MEPS 294:257-270 (2005)  -  doi:10.3354/meps294257

Assessing effects of diel period, gear selectivity and predation on patterns of microhabitat use by fish in a mangrove dominated system in SE Australia

Timothy M. Smith1, Jeremy S. Hindell1,2,*

1Department of Zoology, University of Melbourne, Parkville, Victoria 3010 Australia
2Marine and Freshwater Systems, Department of Primary Industries, PO Box 114, Queenscliff, Victoria 3225, Australia
*Corresponding author. Email:

ABSTRACT: The relative value of temperate mangroves to fish, and the processes driving patterns of microhabitat use within this habitat, are unknown. There are 3 quickly identifiable microhabitats within temperate Australian mangroves: (1) forest (the area of mangroves with trees); (2) pneumatophores (the area directly seaward of the forest without trees but with pneumatophores [aerial roots]); and (3) channel (the area directly seaward of the pneumatophores without gross structural attributes such as trees or pneumatophores). Duplicate fyke and gill nets were both initially used to sample fish in the 3 microhabitats described above. Sampling took place across the seaward edge of mangroves on 10 sampling occasions (5 night and 5 day), in a large estuarine system in SE Australia. Fish assemblages (693 fish from 20 species and 15 families) varied significantly (p < 0.05) between the forest and the channel, and between diel periods for each gear (net type), but there was little difference in the assemblage structure of fish between forest–pneumatophore or pneumatophore–channel microhabitats. Juvenile lifestages (61% of all fish) and commercially important taxa (76%) were common. Abundance, biomass and species richness of fish were generally lower in the forest than the other microhabitats, but this pattern varied significantly (p < 0.05) between diel periods, among sampling occasions, and with water depth. Highly quantitative pop nets provided a preliminary assessment of whether differential gear selectivity caused patterns between microhabitats, but less rich fish assemblages were again recorded in forests than in pneumatophores. The importance of predation in structuring fish assemblages across microhabitats was assessed by measuring survival of juvenile fish tethered in 3 predation treatments (predator exclusion, cage control, and uncaged). Survival rates were high across the predator treatments and did not vary among microhabitats. The variation in fish assemblages across microhabitats within mangroves was not consistent with a model of mangrove structure providing a refuge for juvenile fish from predation, but instead could indicate differences in efficiency of gear types among microhabitats and/or other ‘edge effect’-driven processes such as the provision of food and/or shelter.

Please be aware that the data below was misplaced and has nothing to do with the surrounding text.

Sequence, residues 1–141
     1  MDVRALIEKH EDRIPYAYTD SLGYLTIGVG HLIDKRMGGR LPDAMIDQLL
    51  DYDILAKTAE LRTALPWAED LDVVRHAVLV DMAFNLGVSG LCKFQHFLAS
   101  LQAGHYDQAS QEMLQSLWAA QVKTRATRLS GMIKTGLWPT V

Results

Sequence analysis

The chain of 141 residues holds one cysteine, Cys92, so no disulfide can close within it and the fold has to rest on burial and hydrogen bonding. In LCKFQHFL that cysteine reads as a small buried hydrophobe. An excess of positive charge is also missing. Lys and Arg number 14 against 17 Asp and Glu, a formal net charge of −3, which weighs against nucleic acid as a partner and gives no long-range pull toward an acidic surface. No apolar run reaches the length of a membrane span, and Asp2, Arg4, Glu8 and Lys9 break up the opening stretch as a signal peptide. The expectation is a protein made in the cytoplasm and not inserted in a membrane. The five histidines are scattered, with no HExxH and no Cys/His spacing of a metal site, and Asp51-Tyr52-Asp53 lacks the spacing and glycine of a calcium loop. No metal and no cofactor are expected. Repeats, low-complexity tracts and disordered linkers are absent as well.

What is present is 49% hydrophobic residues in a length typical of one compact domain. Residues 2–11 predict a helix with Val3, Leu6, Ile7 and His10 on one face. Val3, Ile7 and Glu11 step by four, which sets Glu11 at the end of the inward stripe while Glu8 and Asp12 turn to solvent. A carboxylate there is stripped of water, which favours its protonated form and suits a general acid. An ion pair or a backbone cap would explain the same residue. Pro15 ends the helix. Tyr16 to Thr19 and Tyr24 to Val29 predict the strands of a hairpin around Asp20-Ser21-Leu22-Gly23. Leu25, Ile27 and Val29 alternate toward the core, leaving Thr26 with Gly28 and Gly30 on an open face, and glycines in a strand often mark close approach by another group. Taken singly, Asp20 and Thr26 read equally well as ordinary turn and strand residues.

KEY WORDS: Temperate · Mangroves · Fish assemblages · Microhabitat · Predation · Diel


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